Thursday, August 19, 2010

Halcyon Days


My favorite word in English is Halcyon. I love the sound of it and what it evokes.  I first heard it in the quote "Halcyon days of summer" usually referring to childhood summers.  The festas and the beach scene here are crazy with fireworks, crowds, and general activity. I am proud of us for reaching out to join in some of these things for we are generally tranquil types. We need the silence and solace of woods, streams, and the countryside. We are so lucky that we picked just the right place to have both. Childhood summers, Halcyon Days, are what these quiet interludes conjure in my mind. Time to notice the cloud formations from the terrace, go on a long hike in the heat (OK, that was dumb), leave the city and head for the woods, or visit a lonely museum in the mountains.  Just wanted you to know that it's not all about festas this time of year.  It's also about enjoying going barefooted and catching falling stars:

Hollow Chestnut Tree--A Halcyon Days icon

A little resting place on our noon-time 3K death march in the sun
Santa Domenica Talao from across our local unnamed stream















An A3 Bridge on the way to the Grotta del Romito
A reminder from the Grotta del Romito that you need to live before you "thin out"

8 comments:

  1. That last photo is one strong reminder! Beautiful pictures.

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  2. A few details on the grotta -- they started excavating in the 1960's after seeing rock art and artifacts laying around. A number of graves where many are deformed by way of poor nutrition. There are points and knives of obsidian like American Indians left behind. This site dates back 18,000 years. University of Florence was behind the digs (that continue), but someone else put lots of money into a lovely little museum, nice stone walks and driveways and landscaping. Yet, only 5 of us on-hand in the height of tourist season. This site is 25 km away from us in the mountains near Mormonno. Doug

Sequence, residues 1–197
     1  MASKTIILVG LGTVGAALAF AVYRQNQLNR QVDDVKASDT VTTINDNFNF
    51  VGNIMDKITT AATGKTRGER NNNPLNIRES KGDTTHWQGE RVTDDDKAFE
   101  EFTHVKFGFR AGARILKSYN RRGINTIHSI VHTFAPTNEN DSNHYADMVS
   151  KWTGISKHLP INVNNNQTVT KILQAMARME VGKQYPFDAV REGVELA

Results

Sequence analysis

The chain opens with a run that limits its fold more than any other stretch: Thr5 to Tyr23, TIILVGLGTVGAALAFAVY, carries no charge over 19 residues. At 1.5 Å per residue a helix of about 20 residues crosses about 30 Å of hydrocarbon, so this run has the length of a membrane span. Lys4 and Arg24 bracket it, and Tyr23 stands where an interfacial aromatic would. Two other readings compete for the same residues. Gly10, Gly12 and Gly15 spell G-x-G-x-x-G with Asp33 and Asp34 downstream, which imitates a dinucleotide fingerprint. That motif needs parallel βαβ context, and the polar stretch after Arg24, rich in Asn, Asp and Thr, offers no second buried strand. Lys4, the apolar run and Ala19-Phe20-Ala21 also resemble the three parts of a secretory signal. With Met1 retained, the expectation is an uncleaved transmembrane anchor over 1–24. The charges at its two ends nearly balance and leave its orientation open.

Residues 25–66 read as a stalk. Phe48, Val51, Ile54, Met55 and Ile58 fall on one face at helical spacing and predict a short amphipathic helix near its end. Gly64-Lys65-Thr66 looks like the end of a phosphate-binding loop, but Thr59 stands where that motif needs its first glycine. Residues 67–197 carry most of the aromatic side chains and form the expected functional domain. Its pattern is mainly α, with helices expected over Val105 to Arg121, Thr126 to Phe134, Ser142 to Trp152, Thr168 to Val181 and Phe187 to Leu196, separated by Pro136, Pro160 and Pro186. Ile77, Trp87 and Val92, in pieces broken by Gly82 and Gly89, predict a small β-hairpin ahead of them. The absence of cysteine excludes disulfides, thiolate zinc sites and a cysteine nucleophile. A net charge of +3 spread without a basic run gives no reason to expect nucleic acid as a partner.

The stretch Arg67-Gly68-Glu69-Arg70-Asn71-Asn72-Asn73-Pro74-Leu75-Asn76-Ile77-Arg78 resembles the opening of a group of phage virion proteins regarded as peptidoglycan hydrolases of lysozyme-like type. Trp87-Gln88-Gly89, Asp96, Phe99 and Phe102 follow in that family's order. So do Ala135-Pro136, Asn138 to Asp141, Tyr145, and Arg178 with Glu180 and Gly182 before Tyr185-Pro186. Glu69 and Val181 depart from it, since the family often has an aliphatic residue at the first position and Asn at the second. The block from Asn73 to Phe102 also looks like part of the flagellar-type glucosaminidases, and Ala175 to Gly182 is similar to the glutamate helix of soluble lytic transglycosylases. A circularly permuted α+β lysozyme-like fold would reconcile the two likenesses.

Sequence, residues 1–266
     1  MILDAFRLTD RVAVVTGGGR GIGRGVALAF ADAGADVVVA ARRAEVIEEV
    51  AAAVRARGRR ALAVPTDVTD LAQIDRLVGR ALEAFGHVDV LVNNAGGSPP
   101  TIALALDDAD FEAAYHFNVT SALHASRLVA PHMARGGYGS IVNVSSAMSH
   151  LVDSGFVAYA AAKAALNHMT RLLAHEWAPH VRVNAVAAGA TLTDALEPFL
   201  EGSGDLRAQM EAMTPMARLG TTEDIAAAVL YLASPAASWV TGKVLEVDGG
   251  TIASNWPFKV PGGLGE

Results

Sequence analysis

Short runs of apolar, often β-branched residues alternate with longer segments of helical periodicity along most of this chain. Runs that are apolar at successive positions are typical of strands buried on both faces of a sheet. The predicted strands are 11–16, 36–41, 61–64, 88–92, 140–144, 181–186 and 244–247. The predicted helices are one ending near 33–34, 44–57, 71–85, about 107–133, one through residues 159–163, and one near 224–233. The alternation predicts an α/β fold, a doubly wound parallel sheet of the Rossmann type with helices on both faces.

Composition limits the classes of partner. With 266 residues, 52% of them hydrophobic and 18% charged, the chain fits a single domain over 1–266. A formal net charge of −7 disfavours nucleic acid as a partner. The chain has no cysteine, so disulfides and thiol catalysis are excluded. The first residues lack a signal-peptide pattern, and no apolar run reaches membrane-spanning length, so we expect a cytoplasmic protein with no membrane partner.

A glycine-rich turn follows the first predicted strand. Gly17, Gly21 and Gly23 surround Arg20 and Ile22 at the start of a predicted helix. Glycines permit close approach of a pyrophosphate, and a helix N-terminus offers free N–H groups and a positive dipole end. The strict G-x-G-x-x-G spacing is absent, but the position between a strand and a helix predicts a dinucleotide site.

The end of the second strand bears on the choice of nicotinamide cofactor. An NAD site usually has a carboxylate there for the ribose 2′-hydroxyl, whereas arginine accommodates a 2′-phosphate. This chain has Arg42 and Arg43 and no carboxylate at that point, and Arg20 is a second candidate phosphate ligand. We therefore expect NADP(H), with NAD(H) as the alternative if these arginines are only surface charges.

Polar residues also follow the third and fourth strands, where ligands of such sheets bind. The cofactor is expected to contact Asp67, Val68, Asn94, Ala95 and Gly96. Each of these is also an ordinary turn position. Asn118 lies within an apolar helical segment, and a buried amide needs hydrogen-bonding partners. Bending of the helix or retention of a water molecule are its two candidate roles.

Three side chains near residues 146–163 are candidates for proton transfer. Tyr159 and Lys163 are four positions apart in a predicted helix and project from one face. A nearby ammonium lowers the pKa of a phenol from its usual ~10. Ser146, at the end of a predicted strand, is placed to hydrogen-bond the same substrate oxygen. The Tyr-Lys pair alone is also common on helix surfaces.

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  3. Hi Doug & Di, in England there is a saying that "mad dogs and englishmen go out in the midday sun". Obviously American men and women do it too. Many a time on the way back to the house at lunchtime we have stopped and gone for what we think will be a little walk and land up being ages and come back (usually uphill) to the car longing to turn the airconditioning on in it. The Grotte del Romito sounds interesting. Maybe we will take a look there when we are next in Italy. Best wishes John & Toni

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  4. Great photos - I love your view! The bridge shot reminds me of our drive from Bologna to Roccella Ionica on the bottom of Calabria - Once we were in Calabria it was all bridges and tunnels, and the height of the bridges is nauseating!

    Thank you for continuing to share your adventures and adjustments with us.

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  5. Hi J&T, Thanks for your friendly "following" of this stuff. You and others are right about August. I can handle the heat and the on-off humidity, but the hordes of people, traffic, queues, etc really make you pray for a cold rain to send them packing! As a recreation provider in the US, we loved it when a national summer holiday got snow or rain to calm people down, or chase them home. The public anywhere in the world is a challenge. EHHHH, it's all part of getting used to this new land. Doug

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  6. Hi Laura
    I hear Oregon is starting to burn. We watched a series of fires here yesterday where I suspect arson , but nothing more today. Yeah lots of tunnels and bridges. Just don't look down at 120 kph!

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  7. I love the first photo of your terrace and the view glorious You are right about getting the balance between peaceful tranquillity and enjoying a few festas and sagras. Fortunately Italy is the right place to find this balance as we have happily done.

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  8. Thanks LIndyLou,
    We are lucky and grateful for the experience. Di

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